Honda CR-Z — Only takes two to tango

 By Jim Meachen and Ted Biederman

Let’s just put aside the fact that the sporty little two-seat 2011 Honda CR-Z hatchback is a hybrid. Let’s think of it as a stylish, diminutive, agile machine with scads of cargo space (25 cubic feet) for its size.  Let’s think of it as a fun, go-anywhere car that just happens to derive exceptional gas mileage of 31/37 or 35/39 depending on transmission choice.

Let’s think of it — at least in six-speed manual mode — as a fun-to-drive darter that looks great, is a hoot to drive and takes up small spaces in crowded parking lots. But a word to the wise: the giant sized coupe door can make ingress and egress a challenge in tight spaces.

Oh, and by the way, it carries a hybrid drivetrain similar to the one Honda incorporates in its sub-compact Insight sedan. The fact that it doesn’t hit 40 miles to the gallon has seemed to stress several of our colleagues. That’s of no concern to us. We do agree with those same reviewers that the CR-Z is not — at least in the conventional meaning — a sports car.

It is not a front-wheel drive reincarnation of the recently departed rear-driven and high-revving S2000. But it's a blast to toss around, nonetheless. More than adequate handling on the winding roads and nimbleness in stop and go city driving are its strongest suits. And it can easily achieve 35-mpg-plus in everyday driving. Frankly, we don’t care if that very appealing mileage comes from a mild Honda hybrid or from a very frugal 4-cylinder engine.

What Honda has done is come up with a modern version of its popular little CRX, produced from the mid ’80s to the early ’90s. If CRX production had continued, the CR-Z is how we envision the car evolving. Unfortunately CR-Z inherited the one thing we didn’t like on the CRX, the split sightline through the rear hatch.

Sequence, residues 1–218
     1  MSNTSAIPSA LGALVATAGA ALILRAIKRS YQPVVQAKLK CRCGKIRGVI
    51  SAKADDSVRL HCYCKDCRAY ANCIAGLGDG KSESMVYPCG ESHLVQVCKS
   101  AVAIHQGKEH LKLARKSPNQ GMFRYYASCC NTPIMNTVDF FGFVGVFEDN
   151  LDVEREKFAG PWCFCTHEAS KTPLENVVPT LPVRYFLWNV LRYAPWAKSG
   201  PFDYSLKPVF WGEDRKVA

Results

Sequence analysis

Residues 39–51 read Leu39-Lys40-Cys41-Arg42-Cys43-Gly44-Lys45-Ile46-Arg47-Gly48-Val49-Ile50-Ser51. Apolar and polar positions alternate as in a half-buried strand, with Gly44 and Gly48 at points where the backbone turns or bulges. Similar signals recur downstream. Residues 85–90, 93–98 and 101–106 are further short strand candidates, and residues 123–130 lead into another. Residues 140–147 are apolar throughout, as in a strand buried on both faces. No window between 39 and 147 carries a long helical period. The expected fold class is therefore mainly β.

The CR-Z alters the hybrid formula that says all vehicles with a hybrid drivetrain must have four doors and seat at least four adults. Yes we do remember that short-lived Honda two-door hybrid experiment in 2000, the small Insight that got incredible mileage.

Since then nothing in the affordable mainstream has boasted any kind of sporty pretensions. Everything up until now has been serious gas-sipping business.

The CR-Z makes perfect sense for the person who doesn’t need more than two seats and who is loath to spend a big chunk of their disposal income for transportation; here retail prices range from around 20 grand up to about $24,000.

The CR-Z is built on the current compact Insight sedan hybrid platform and uses the same Integrated Motor Assist mild-hybrid system. It shares its structure and suspension design but is a foot shorter with a widened track and reduced height.

It gets a slightly bigger gas engine than found in the Insight; a 1.5-liter 4-cylinder that produces 112 horsepower and 107 pound-feet of torque and an electric motor that generates another 13 horsepower and 58 pound-feet of torque.

The biggest difference is that the CR-Z can be purchased with a 6-speed manual transmission option, the first hybrid with a shift-it-yourself gear box, and it’s what makes the CR-Z drive like a conventional 4-cylinder. The continuously variable transmission (CVT) as found in the Insight is also available for those who must have an automatic.

There are also choices in the driving scheme. Before pushing the CR-Z hard, activate the “sport” mode via a button to the left of the steering column. Throttle sensitivity is increased, the steering tightens and the electric motor provides more assistance. This will not produce blistering starts, but it gives the CR-Z a good feel measured in a 0-to-60 time in the mid 9-second range.